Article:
Member of: ACP, ADB, Commonwealth, ESCAP, G-77, GATT (de facto), IBRD, IDA, IFAD, IFC, ILO, IMF, SPF, UN, UPU, WHO

Diplomatic representation: Ambassador (vacant) resides in Honiara (Solomon Islands); US—the ambassador in Papua New Guinea is accredited to the Solomon Islands; Embassy at Mud Alley, Honiara (mailing address is American Embassy, P. O. Box 561, Honiara); telephone (677) 23488

Flag: divided diagonally by a thin yellow stripe from the lower hoist-side corner; the upper triangle (hoist side) is blue with five white five-pointed stars arranged in an X pattern; the lower triangle is green


Overview: About 90% of the population depend on subsistence agriculture, fishing, and forestry for at least part of their livelihood. Agriculture, fishing, and forestry contribute about 75% to GDP, with the fishing and forestry sectors being important export earners. The service sector contributes about 25% to GDP. Manufacturing activity is negligible. Most manufactured goods and petroleum products must be imported. The islands are rich in undeveloped mineral resources such as lead, zinc, nickel, and gold. The economy suffered from a severe cyclone in mid-1986 which caused widespread damage to the infrastructure.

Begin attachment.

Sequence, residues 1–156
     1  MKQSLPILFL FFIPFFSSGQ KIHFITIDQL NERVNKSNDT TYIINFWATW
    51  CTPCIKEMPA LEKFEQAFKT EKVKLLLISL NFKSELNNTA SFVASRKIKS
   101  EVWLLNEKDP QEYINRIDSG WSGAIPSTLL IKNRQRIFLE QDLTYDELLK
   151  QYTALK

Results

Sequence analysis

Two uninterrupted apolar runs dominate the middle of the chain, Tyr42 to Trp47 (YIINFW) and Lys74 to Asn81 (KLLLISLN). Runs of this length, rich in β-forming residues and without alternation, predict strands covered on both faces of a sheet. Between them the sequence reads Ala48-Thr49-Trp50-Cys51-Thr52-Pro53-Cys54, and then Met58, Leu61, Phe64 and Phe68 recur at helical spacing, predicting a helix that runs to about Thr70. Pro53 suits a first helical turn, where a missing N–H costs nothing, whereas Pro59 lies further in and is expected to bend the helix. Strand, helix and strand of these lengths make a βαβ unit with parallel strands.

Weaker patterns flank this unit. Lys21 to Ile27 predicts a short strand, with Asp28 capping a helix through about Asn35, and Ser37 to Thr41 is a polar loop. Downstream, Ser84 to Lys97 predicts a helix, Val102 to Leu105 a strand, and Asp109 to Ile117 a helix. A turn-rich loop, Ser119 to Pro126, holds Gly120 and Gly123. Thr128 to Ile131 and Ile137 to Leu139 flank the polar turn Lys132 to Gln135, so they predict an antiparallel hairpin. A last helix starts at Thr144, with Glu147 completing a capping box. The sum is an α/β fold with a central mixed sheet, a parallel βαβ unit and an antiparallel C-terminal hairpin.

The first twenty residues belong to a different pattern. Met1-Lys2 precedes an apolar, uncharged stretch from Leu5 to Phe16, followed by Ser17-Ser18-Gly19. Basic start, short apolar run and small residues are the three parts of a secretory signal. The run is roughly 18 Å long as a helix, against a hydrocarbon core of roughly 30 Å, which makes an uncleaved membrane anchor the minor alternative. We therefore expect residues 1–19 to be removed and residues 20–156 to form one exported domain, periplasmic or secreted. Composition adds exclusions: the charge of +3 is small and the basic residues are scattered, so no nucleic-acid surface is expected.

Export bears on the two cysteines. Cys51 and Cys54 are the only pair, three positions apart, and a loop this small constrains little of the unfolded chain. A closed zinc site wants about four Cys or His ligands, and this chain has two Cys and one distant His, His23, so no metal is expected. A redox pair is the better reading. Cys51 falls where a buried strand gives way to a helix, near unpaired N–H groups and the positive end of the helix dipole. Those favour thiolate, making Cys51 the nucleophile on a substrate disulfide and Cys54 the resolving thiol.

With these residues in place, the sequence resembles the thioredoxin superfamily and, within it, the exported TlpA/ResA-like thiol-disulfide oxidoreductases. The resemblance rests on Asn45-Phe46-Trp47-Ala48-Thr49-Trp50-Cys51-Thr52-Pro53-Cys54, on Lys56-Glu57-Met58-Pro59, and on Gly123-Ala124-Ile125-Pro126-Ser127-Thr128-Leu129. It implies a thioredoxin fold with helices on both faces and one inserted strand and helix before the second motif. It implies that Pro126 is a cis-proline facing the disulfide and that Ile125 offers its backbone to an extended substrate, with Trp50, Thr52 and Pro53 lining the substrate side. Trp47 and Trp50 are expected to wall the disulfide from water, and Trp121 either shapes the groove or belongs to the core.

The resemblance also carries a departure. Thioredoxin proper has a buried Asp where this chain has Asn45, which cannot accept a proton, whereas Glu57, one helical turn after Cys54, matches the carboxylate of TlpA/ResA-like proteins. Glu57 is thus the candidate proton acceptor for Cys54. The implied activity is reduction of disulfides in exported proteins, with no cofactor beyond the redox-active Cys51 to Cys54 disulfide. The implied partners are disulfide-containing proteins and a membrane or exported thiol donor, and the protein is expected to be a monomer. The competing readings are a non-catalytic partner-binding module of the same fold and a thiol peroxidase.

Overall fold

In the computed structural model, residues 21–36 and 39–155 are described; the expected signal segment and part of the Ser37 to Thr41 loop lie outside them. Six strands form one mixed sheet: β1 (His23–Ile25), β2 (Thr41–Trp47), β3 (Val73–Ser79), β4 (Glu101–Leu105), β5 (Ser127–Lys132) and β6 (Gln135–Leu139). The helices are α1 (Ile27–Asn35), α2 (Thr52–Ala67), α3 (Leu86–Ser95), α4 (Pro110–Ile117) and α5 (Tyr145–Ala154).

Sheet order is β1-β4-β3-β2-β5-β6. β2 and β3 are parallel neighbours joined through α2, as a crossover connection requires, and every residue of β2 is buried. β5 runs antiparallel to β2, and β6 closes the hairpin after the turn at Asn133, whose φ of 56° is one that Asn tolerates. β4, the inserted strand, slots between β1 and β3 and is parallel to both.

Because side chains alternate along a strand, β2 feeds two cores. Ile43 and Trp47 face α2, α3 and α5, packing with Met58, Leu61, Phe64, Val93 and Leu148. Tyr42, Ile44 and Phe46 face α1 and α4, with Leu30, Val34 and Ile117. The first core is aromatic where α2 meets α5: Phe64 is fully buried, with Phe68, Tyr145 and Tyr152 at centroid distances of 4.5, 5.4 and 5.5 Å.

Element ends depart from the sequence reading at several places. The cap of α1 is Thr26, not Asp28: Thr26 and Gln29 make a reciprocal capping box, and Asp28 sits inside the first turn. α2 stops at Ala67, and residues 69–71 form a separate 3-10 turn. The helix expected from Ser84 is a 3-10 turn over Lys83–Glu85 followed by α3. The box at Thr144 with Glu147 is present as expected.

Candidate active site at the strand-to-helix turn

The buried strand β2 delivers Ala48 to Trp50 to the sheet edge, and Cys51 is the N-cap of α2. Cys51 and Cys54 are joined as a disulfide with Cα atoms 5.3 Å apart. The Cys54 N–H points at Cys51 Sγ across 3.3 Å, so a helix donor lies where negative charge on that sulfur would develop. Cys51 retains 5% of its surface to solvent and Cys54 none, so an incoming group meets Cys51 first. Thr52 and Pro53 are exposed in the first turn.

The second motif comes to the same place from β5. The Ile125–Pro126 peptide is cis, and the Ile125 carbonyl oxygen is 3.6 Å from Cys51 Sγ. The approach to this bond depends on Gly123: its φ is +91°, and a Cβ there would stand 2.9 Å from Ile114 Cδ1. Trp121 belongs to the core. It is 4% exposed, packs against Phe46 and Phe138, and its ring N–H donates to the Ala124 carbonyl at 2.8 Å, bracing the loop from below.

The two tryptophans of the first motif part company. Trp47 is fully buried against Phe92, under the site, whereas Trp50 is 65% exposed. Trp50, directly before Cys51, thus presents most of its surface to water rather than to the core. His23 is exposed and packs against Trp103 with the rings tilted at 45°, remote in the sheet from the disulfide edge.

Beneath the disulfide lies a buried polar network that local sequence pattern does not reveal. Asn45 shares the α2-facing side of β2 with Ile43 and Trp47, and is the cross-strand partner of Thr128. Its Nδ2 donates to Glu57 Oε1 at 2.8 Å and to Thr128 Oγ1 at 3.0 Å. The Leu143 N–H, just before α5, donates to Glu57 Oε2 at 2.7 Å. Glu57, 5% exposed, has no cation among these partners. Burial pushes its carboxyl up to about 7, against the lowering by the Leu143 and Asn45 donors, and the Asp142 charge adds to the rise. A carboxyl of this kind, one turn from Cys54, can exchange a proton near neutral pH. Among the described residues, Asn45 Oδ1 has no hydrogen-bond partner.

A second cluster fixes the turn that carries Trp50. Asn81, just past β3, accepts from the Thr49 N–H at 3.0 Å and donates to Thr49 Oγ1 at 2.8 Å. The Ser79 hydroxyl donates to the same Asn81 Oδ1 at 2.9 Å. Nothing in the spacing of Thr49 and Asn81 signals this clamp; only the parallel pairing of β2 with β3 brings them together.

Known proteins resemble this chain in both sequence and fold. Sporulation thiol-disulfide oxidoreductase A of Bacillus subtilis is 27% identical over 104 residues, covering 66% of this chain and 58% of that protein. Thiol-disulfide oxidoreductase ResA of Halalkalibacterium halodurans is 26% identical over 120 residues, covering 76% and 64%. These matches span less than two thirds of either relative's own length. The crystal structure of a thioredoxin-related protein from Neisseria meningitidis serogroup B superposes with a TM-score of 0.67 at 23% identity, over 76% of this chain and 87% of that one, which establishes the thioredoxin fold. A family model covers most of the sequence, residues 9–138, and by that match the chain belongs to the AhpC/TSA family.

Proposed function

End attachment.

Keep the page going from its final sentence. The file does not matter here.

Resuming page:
GDP: $156 million, per capita $500; real growth rate 4.3% (1988)

Inflation rate (consumer prices): 11.2% (1988)

Unemployment rate: NA%

Budget: revenues $139.0 million; expenditures $154.4 million, including capital expenditures of $113.4 million (1987)

Exports: $80.1 million (f.o.b., 1988); commodities—fish 46%, timber 31%, copra 5%, palm oil 5%; partners—Japan 51%, UK 12%, Thailand 9%, Netherlands 8%, Australia 2%, US 2% (1985)

Imports: $101.7 million (f.o.b., 1988); commodities—plant and machinery 30%, fuel 19%, food 16%; partners—Japan 36%, US 23%, Singapore 9%, UK 9%, NZ 9%, Australia 4%, Hong Kong 4%, China 3% (1985)

External debt: $128 million (1988 est.)

Industrial production: growth rate 0% (1987)

Electricity: 15,000 kW capacity; 30 million kWh produced, 90 kWh per capita (1989)

Industries: copra, fish (tuna)

Agriculture: including fishing and forestry, accounts for about 75% of GDP; mostly subsistence farming; cash crops—cocoa, beans, coconuts, palm kernels, timber; other products—rice, potatoes, vegetables, fruit, cattle, pigs; not self-sufficient in food grains; 90% of the total fish catch of 44,500 metric tons was exported (1988)

Aid: Western (non-US) countries, ODA and OOF bilateral commitments (1985), $16.1 million

Currency: Solomon Islands dollar (plural—dollars); 1 Solomon Islands dollar (SI$) = 100 cents

Exchange rates: Solomon Islands dollars (SI$) per US$1—2.4067 (January 1990), 2.3090 (1989), 2.0825 (1988), 2.0033 (1987), 1.7415 (1986), 1.4808 (1985)

Fiscal year: calendar year


Highways: about 2,100 km total (1982); 30 km sealed, 290 km gravel, 980 km earth, 800 private logging and plantation roads of varied construction

Ports: Honiara, Ringi Coye

Civil air: no major transport aircraft

Airports: 29 total, 27 usable; 2 with permanent-surface runways; none with runways over 2,439 m; 5 with runways 1, 220-2,439 m

Telecommunications: 3,000 telephones; stations—4 AM, no FM, no TV; 1 Pacific Ocean INTELSAT earth station

Defense Forces

Branches: NA

Military manpower: NA

Defense expenditures: NA